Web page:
For most men in this day and age, an age of information technology and electronic communication, we go to work, sit at a desk and tip-tap away at our keyboards and feel all very clever and important about whatever mindless and irrelevant form-filling and box-ticking we’re engaged in.
There are few people in white middle-class Britain who are not, in some way, employed in this fashion, sitting behind a screen, eyelids drooping, backs aching, stomachs expanding. The alternative is shop-working. Standing behind tills, tapping away, or more likely just beeping away, and staring at another screen. At least these poor buggers are on their feet all day.
Where these millions of men, emasculated by modern consumerist society, pinioned by an IT revolution in the UK, find their temporary release is when, with fear in their blood and anticipation trembling through every fibre of their being, they go and hire a van.
It’s probably because they’re moving house, and so it may well be once or twice in their life, and this makes it even more exciting. It’s really a kind of ritual, starting from the decision making, picking up the Yellow Pages, going for the ones you know, realising that there are others, phoning a few, trying to sound confident, knowing they deal with idiots like you every day, agreeing to take a certain type of van and not being wholly sure what you’ve agreed to, because you still only really know what a Transit is. You’re also shocked by the cost, although you agreed to make sure you don’t seem like you haven’t done this before.
Turning up is panic-stricken. You’ve got your license, but they’ll be able to see that you’re not a van driver, so they’ll think that you’re not capable of dealing with the van. You’ve got your extra proof of address, but probably couldn’t find good ones (like bank statements) and are worried that you’re not going to be allowed to take the van, and you’re definitely on a predetermined timeframe that your girlfriend or wife has decided on and, if you don’t get the van NOW, then you’re dead.
But, you get it. You have to check it over with the hirer, and you fraudulently nod ‘Yeah, it’s ok’ as they make you look at the bumpers and front wings for scratches. You haven’t got a clue.
So, you’re in and you start up. Probably a little disappointed that it isn’t completely alien inside, and pretty much like your car. Higher up and different angles to reach things. No rear-view mirror, which is pretty radical. I guarantee that you will put the radio on straight away, and here’s where the exciting stuff starts.
You now have some short-term opportunities for personae change. Things you can now do and be that you have no other chance to do in your normal life.
Radio 1. You’re almost obliged to listen to Radio 1, and you don’t mind so much. With the window open too. You have to drive with the window open and, with only 10 minutess behind the wheel of this new beast, you lean your elbow on the window ledge. You also stare at women, shamelessly. You might actually really be uninterested in it, but it kind of seems right and, honestly, they don’t mind. IT’S TRUE.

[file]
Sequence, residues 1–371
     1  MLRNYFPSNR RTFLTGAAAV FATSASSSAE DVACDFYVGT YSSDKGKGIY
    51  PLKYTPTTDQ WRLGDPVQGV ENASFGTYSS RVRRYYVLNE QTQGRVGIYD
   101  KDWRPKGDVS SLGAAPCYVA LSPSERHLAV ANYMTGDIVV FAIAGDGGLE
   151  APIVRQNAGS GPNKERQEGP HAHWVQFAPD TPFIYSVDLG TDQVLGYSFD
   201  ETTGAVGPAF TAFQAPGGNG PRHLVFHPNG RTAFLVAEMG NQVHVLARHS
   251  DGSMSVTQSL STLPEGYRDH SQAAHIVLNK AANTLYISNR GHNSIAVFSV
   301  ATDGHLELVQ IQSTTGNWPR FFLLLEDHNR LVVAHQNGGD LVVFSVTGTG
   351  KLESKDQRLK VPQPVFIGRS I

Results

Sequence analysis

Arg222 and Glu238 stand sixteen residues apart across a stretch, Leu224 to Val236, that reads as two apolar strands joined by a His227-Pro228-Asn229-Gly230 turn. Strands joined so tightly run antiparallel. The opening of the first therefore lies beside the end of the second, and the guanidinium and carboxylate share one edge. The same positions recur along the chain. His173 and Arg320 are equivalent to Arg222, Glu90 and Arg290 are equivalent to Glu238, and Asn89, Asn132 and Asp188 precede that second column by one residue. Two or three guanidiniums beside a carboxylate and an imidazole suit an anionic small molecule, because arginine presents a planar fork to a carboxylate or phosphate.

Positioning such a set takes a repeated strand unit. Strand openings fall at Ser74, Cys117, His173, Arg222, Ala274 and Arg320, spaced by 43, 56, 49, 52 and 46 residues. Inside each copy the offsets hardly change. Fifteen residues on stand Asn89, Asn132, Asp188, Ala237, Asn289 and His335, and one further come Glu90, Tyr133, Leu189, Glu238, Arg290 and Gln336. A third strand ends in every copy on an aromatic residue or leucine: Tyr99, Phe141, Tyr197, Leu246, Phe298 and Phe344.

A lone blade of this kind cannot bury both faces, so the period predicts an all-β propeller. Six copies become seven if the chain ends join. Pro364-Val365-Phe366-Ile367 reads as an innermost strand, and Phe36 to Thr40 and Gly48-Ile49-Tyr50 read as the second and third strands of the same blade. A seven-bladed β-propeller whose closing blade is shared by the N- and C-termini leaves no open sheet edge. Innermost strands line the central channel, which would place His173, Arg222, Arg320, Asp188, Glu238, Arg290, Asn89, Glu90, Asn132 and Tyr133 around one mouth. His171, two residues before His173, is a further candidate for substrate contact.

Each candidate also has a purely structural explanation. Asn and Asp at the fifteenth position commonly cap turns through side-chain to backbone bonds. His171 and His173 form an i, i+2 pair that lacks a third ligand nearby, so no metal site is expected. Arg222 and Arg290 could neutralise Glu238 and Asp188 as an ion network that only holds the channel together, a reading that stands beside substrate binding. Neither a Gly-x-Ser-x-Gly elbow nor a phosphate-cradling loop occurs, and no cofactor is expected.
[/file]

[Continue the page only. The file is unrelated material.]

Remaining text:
Moving on. You now have new rights to the road. Oh yes, this is where some really cool stuff starts. You know the way you’re wary of van drivers when you’re on the road? Well, now people are scared of you!! Oh yes sir, you just go ahead and pull out just whenever the hell you want. Change lanes if it takes your fancy. Drift across those lanes like it’s the most normal thing in the world. Another thing – having trouble pulling in or out? Other van drivers will stop traffic for you!! They bloody do! It’s like you’re immediately in a brand new special club. They don’t know that you’re a total amateur and, by now, you’ll be acting like being a van driver is what you’re all about.
And this is the final point. You have, by now, 3 hours in, developed a relationship with your van. You swing it around the corners with complete authority. You know all the little quirks of your van, the things that make it work and tick along, but, specifically you know the back doors. This is why you’ve got the van of course, it’s for the big loadspace and the back doors. So, you’ve got the double-locking, double-hinged doors and probably a side-sliding door. You’ve opened and closed it a few times and you now know how to do it and, most excitedly, you do it authoritatively and in a no-nonsense fashion, when other people come to help you out. You do it like you’ve been doing every day of your life. It’s you and the van together, forever.
But, no. The time ebbs away all too fast you’re back and dropping the van off. You do it quickly and emotionlessly, plopping the keys on the counter and a quick ‘Cheers, mate’, almost dismissively. But, you don’t mean it. You feel sad. You wish it was your van.
Being back in your car is now somehow lessening. You feel exposed and vulnerable. The car is too light, wussy and you know that, at any minute, a van could shove you out of the way, and you’d deserve it.